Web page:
Bounce rate is a metric that is closely related to time on site. If people land on your content and it is not what they were expecting, they will “bounce” or exit almost immediately. Businesses trading online should already know what the bounce rate should be for their industry. Commonly, an e-commerce site should be under 30%, though B2B can be higher due to the nature of their offering. Regarding content, we should aim to achieve a bounce rate of under 70%. Bounce rates of 80-99% are a clear indicator that the content is not only failing to grab attention and engagement, but could also reveal that we have targeted the wrong audience. Social and media outlet referrals tend to have a high bounce rate. People might want to click to read more, but if they are using a mobile device and the content does not display correctly or are only browsing quickly and your content is too long they will leave faster than if they had  found the content organically.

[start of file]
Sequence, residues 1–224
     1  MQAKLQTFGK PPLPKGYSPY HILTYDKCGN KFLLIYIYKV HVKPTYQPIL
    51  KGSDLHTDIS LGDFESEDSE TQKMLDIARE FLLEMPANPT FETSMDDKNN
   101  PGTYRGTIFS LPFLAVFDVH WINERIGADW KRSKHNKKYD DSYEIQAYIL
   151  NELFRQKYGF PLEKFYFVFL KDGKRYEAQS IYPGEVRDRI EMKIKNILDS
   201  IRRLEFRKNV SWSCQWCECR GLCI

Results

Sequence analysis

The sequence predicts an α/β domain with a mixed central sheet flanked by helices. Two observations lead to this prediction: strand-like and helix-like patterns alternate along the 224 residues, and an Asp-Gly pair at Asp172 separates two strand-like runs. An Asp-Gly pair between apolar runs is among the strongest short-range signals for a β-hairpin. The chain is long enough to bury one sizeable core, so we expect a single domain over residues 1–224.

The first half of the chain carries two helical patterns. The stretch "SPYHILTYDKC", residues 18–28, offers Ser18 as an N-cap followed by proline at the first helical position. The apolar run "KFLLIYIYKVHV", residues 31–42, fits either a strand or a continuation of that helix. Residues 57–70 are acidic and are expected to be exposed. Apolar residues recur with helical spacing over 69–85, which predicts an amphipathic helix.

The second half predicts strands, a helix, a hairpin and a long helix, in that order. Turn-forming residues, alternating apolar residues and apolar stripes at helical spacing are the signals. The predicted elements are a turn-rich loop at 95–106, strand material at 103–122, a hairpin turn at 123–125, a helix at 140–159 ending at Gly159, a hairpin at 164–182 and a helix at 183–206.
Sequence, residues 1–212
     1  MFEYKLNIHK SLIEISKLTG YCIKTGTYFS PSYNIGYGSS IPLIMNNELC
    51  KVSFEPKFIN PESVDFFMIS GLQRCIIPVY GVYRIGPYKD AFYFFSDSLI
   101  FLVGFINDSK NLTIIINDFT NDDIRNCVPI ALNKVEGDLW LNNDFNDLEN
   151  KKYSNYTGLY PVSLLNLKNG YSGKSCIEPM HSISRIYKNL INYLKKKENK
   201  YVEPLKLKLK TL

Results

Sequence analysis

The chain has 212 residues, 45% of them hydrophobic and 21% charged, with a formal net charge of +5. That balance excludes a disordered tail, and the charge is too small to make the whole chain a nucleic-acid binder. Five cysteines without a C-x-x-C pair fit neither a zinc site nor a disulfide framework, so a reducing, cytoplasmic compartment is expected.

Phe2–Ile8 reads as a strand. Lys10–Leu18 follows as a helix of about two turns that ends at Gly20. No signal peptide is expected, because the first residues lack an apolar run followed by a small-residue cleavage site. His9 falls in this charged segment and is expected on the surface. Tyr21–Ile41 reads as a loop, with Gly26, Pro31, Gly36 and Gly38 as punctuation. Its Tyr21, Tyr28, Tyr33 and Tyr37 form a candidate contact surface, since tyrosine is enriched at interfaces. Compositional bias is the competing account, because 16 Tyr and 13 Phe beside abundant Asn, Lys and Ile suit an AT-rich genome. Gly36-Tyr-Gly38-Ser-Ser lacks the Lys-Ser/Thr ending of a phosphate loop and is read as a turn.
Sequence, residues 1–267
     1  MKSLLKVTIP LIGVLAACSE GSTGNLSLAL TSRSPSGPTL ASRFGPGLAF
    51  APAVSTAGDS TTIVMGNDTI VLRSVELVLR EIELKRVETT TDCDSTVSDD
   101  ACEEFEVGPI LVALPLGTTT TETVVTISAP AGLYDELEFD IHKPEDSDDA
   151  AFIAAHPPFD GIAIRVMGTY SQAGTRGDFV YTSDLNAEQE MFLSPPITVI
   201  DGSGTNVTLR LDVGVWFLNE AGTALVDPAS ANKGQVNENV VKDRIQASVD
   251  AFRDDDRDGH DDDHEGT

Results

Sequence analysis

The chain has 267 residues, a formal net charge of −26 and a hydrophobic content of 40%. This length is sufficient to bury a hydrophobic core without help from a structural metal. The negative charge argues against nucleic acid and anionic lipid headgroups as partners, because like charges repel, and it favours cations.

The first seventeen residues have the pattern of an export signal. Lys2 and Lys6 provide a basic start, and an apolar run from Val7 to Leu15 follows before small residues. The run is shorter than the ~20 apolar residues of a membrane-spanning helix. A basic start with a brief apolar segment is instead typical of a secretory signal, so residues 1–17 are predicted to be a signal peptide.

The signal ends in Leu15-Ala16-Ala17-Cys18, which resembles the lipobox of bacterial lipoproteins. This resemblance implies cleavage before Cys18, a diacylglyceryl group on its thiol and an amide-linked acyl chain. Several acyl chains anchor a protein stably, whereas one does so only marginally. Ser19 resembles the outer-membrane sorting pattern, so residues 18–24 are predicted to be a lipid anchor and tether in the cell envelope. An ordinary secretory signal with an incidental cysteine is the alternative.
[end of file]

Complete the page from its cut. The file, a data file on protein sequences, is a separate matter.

4.   Social Shares

Another sign that your content is resonating with the target audience is the social shares. It is important that your website has clear social share buttons for your content or blog, as this will facilitate the process. Focus on those networks relevant to your audience. A piece of content should have at least eight shares as a minimum. If your content has less than this or none, then check your website, the location of your social shares and the length of your content. You can use free social share tools or get specific tools to measure mentions, hashtags and other activities.

If your content marketing campaign has a social element to it, make sure you are using the right keywords, hashtags and the like, so you can measure the social impressions.